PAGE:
The Affordable Care Act (ACA) statute was enacted during the tenure of President Obama in March of 2010. A couple of goals of the ACA were to create an affordable solution for all individuals to purchase health insurance and to expand the Medicaid program. One component to making the ACA successful was the requirement that everyone purchase health insurance or pay a fine.
On the 14th of December 2018, however, a Federal judge in Texas made a landmark ruling against the ACA. In his contentious ruling, Judge O’Connor invalidated the act’s mandate to purchase health insurance or pay a fine on the grounds that the legislation was unconstitutional, and it could not be sustained by Congress’s tax powers. O’Connor added that the act would be allowed to remain in place pending the final legal ruling. But, as of January 1, 2019, the penalty facing Americans who don’t maintain year-round health insurance was eliminated by Congress.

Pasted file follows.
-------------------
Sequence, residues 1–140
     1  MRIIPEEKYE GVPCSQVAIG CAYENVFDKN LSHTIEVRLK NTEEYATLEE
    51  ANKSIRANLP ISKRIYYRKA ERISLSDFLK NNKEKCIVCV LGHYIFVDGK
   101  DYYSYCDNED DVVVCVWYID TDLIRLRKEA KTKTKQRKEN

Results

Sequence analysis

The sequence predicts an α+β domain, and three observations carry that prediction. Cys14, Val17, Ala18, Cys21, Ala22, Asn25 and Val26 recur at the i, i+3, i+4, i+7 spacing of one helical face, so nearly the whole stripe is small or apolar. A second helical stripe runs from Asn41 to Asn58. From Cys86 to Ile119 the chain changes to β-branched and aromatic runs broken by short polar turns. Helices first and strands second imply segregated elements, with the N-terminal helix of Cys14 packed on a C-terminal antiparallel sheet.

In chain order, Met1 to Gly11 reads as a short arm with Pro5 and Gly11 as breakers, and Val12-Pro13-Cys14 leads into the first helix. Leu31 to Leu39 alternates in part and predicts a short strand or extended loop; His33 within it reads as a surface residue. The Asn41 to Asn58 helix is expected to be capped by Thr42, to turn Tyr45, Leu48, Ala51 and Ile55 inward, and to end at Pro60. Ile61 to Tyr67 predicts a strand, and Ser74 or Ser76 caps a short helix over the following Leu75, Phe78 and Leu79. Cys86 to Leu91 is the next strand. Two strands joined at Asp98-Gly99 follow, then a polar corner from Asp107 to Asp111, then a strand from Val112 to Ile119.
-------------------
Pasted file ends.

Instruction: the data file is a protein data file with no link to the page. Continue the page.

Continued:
The potential invalidation of the ACA caused an up-welling of uncertainty in the American health industry. Without a doubt, if that decision is upheld, it will have pronounced ripple effects on virtually all Americans, according to an emeritus professor at Washington and Lee Law University, Tim Jost.
The potential invalidation of the ACA has continued to elicit mixed responses from both sides of the American political divide. The naysayers are questioning the merits to undo the act claiming that Judge O’Connor misinterpreted the law. According to the critics, Congress only intended to remove certain provisions of the ACA, not scrap it altogether.
The contentious legal battle is expected to move to either the 5th Circuit Court of Appeal or to the U.S Supreme Court. Professor Jost predicts that the case might drag on to the latter half of 2019 or it may proceed all the way to 2021.